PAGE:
Cuba at a Crossroads
After 56 years, Barack Obama and Raúl Castro announced a historic shift in the bilateral relationship between the United States and Cuba. However, whether this emblematic opportunity will be harnessed is still in question, as is the sincerity of Cuba’s intentions to generate structural changes, given that it is a country that has historically been closed off from the rest of the world. The economic embargo is an issue that remains unresolved. There are also a new series of challenges that the island should take into account if the government wants to make the leap.
Human capital is invaluable in areas such as culture, art, heritage conservation, scientific development and business hubs, which have taken on a strategic nature
On the economic front, although there is the possibility of migrating to a capitalist model such as the Chinese one, there is also the alternative of remaining in the status quo or adopting an intermediate position. Economic freedom is an oxygen valve for the Cuban government, and it could work as long as they release workers from their chains. Any investor must still pass through the government’s filter, however, and that level of intervention could influence the smooth operation of the labor market.
On the political level, it has been clear so far: There are no signs of change nor openness to civil or political liberties, and restoring democracy and human rights will remain nothing more than a dream. I am convinced that a transitory mechanism to give guarantees to those who have been living in the shadow of the dictatorship should be pursued, one that may provide incentives to leave power and, above all, restore human and civil rights.
In terms of resources that could aid in Cuba’s takeoff, human capital is invaluable in areas such as culture, art, heritage conservation, scientific development and business hubs, which have taken on a strategic nature.
Today, education, innovation and technology on the island are not in good standing, and teachers have little access to research and development; poor internet access and restrictions for leaving Cuba, among other issues, means they have limited access to the world of knowledge.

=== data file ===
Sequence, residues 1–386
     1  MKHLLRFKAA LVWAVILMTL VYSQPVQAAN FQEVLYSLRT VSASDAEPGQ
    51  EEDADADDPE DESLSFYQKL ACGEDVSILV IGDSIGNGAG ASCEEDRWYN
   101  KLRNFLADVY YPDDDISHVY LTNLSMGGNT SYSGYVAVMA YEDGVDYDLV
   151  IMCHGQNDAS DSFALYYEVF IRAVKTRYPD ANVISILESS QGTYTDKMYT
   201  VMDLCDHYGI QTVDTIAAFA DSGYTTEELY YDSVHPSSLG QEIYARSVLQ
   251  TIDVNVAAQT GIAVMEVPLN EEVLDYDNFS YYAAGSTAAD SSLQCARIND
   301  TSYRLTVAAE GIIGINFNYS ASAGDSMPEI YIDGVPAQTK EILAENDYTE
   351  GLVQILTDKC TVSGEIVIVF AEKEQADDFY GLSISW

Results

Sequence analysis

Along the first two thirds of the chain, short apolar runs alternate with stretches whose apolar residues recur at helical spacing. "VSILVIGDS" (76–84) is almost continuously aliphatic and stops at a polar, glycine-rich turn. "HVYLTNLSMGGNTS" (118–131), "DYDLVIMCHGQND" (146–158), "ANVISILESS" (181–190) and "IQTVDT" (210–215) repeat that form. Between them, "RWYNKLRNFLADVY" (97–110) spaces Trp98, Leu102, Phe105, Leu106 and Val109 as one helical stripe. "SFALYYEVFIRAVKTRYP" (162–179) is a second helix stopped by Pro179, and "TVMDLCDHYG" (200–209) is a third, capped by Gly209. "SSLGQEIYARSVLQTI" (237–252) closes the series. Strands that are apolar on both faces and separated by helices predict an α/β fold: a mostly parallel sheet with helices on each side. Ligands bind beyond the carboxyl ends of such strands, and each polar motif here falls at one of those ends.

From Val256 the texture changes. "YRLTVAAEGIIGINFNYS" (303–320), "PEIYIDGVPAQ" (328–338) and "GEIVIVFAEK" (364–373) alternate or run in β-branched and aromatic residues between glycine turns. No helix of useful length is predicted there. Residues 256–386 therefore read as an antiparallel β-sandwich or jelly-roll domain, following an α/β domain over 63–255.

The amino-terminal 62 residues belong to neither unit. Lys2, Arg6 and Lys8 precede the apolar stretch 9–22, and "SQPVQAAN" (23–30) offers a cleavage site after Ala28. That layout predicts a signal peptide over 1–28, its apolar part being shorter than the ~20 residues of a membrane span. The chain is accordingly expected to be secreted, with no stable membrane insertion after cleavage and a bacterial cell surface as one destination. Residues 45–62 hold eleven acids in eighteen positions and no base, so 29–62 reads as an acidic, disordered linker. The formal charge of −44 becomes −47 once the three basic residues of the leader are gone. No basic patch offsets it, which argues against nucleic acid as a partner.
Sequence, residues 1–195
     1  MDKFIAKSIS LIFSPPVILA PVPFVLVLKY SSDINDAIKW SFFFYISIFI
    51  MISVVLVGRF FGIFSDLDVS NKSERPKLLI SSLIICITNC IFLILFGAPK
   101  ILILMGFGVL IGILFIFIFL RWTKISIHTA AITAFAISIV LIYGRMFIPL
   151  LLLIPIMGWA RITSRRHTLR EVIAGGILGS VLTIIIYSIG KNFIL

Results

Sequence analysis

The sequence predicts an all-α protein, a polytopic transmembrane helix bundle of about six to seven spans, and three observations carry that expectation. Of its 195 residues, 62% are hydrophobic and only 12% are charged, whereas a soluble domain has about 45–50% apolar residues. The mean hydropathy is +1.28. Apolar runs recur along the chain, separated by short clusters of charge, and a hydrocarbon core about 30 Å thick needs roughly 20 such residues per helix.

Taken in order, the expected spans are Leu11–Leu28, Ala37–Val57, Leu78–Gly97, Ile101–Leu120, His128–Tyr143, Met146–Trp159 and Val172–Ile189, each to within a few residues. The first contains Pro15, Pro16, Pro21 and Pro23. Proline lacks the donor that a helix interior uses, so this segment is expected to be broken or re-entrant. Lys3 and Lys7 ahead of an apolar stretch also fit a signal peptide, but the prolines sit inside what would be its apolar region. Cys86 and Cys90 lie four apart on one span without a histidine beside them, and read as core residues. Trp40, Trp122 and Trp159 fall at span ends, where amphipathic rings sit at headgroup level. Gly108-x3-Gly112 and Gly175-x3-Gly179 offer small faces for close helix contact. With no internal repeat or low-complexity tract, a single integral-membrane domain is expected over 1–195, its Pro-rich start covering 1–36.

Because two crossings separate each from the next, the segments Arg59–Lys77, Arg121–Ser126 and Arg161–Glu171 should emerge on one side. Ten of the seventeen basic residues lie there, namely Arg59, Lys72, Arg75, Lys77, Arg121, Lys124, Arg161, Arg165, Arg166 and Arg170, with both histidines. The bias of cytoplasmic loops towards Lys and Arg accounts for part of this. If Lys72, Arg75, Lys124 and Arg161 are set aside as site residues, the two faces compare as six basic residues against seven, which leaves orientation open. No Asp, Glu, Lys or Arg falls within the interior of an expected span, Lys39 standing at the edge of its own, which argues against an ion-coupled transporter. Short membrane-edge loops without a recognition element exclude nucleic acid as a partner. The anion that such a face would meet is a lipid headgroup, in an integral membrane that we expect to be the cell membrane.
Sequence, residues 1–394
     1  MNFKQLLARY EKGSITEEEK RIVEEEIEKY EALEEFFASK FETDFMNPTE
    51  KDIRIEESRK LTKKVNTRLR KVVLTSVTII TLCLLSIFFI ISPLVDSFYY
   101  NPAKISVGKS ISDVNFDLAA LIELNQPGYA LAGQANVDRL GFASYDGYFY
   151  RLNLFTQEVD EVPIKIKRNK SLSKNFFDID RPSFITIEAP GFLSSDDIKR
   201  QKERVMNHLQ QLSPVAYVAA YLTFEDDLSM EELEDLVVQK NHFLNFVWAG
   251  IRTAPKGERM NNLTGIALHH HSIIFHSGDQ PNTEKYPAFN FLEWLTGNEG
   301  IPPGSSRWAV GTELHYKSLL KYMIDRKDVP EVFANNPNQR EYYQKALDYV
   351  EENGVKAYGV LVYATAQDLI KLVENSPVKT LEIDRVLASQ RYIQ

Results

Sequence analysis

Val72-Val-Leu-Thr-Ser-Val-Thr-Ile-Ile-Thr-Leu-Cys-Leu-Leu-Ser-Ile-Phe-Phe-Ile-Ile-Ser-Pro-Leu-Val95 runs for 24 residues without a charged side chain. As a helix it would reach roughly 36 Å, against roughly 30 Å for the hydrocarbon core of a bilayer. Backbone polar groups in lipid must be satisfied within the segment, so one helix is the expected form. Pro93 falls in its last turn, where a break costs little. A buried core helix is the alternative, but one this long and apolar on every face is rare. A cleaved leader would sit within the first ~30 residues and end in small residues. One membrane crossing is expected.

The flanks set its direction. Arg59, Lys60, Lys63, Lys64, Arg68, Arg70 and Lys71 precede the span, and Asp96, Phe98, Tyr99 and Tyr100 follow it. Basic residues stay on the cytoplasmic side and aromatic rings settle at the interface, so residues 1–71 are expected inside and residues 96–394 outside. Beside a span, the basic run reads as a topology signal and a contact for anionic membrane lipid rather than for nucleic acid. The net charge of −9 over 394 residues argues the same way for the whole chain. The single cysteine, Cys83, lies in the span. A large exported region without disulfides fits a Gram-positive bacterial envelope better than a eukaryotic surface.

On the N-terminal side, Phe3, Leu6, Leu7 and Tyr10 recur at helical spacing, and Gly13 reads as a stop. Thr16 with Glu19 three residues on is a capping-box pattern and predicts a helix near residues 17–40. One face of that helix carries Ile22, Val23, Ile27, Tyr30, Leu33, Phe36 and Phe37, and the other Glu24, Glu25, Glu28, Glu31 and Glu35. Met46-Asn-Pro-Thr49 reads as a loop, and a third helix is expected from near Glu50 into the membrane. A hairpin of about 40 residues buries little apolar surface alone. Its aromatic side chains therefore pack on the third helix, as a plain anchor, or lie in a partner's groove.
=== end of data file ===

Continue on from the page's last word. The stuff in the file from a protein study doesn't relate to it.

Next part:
It is difficult to be certain about what the political and economic situation will be by the end of Castro’s government, but it is possible to imagine two scenarios: The first is based on a climactic moment that would lead to an accelerated transition into a fully democratic regime, while the second, more likely scenario, is one in which political power remains under the authoritarian control of those who govern the island today.
Transition processes are complicated because they involve any difficult decisions. The economic issue is key to achieving a fundamental change
Looking at the situation in the United States, we see that they are going through a very uncertain time due to the change of government. A future with Donald Trump at the helm could take all the developments with Cuba back to square one. The U.S. agenda for the island is not that clear, and it seems a unilateral agreement with very few requirements is emerging (especially concerning human rights), which is why a substantial change in foreign policy has not taken place yet.
Transition processes are complicated because they involve many difficult decisions. The economic issue is key to achieving a fundamental change, and Cuba could make a relatively quick jump if efficient models for foreign capital and Cuban non-state (human and capital) resources are generated. Tourism, culture, education and research are essential factors in order for Cuba to be able to begin its path toward modernization. However, countries cannot achieve substantial change while human rights and individual freedom remain unresolved issues.